Nepal, Bhutan, Sri Lanka, Myanmar and Maldives. The corollary of this seemingly noble amendment is that only the Muslims living in India, but excluded from the NRIC list, are susceptible to legal arrest, impounding and extradition. Local government officials belonging to the census department, the election commission, and the district bureaucracy, are responsible to prepare the so-called list of Indian citizens. Such lists are approved by state-level authorities, notified in the official gazette, and published as the “National Register of Citizens” pertaining to that state.

It then becomes the responsibility of individuals to check whether their own name, or those of members of their family, are listed in the register. Should they find name(s) missing, they can either accept their status as non-citizen, or they can approach a “Foreigners Tribunal” in their state to challenge their exclusion. Decisions of these tribunals are final, yet one can reach out to the hierarchical system of courts of law as the ultimate step to seek justice and secure one’s rights as an Indian citizen. As is already common knowledge after the Assam experience, this process is not only cumbersome, but also complicated, costly, time-consuming and foolproof.

This author’s observation is that the Muslim community of India is under stress from the official, often irresponsible, discourse surrounding the  1155 F St NW, Suite 1050, Washington DC 20004 |

extension of NRIC to the whole nation. Second, the Citizenship Amendment Bill is highly discriminatory. If passed, it can be misused in a manner that will put a majority of the poor, rural, illiterate and low-income Muslim households under risk of exclusion from the NRIC list. Murmuring among the Muslims that they should boycott the NRIC has begun.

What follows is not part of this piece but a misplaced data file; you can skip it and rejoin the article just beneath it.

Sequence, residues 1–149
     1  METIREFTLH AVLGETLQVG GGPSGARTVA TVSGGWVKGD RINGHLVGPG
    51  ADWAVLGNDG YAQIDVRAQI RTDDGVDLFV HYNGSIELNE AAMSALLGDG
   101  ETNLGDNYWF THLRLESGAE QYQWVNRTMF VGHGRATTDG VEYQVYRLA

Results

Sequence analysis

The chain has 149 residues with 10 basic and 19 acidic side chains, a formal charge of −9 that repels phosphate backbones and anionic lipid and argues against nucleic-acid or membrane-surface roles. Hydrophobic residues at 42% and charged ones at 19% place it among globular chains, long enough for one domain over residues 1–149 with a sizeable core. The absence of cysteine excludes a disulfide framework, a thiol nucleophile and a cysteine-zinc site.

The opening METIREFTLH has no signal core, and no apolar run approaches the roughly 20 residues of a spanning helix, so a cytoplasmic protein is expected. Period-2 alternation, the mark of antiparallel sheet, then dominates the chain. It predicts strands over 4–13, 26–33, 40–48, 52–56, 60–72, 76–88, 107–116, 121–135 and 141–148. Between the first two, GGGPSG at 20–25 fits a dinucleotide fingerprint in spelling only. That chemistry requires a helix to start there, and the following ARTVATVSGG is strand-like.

It is my suggestion that the people of India can seek the following safeguards at the time of sharing their data with government agencies and functionaries. First, between March and September 2020, house-listing will be undertaken across India. Census officials will visit each home and household during this period. The respondents, or the head of a household, should during these visits seek a clearly written statement of purpose and promise that their data, which is being collected during house-listing, for NPR, and subsequently at the time of population

enumeration, will be used only for the purpose of census counts, data aggregation and policy analysis. Ideally, this statement must be signed by the President of India. It should be a generic promise, like the signature of the governor of the Reserve Bank of India on printed bank notes.

Second, after serving the written promise, the census officials must be asked to issue an acknowledgment of the fact that personal data was collected during their visit. The acknowledgment should say that the data will not be shared, nor used for any other purpose. This acknowledgment should record the time, date and place of data extraction.

Third, a printed copy of all the data collected must be issued to the individual for her own data file and future use. This data can also be made available to each individual through an online system of data retrieval.

The overall numbers of foreign-born persons residing in India, according to earlier censuses, is miniscule. Therefore, it does not make sense that  1155 F St NW, Suite 1050, Washington DC 20004 |

every Indian resident should be made to prove her citizenship through an unmanageable and expensive process of the kind that was adopted in Assam last year.

Last, the government must change its methodology, and identify hotspots or areas where illegal residents most likely reside. It would be instructive to recall that a similar effort in the United States of America, to incorporate a question in the census that asked people to state their citizenship was shot down by the Supreme Court of the country.


The author is chief scholar at the US-India Policy Institute in Washington DC. The views are personal.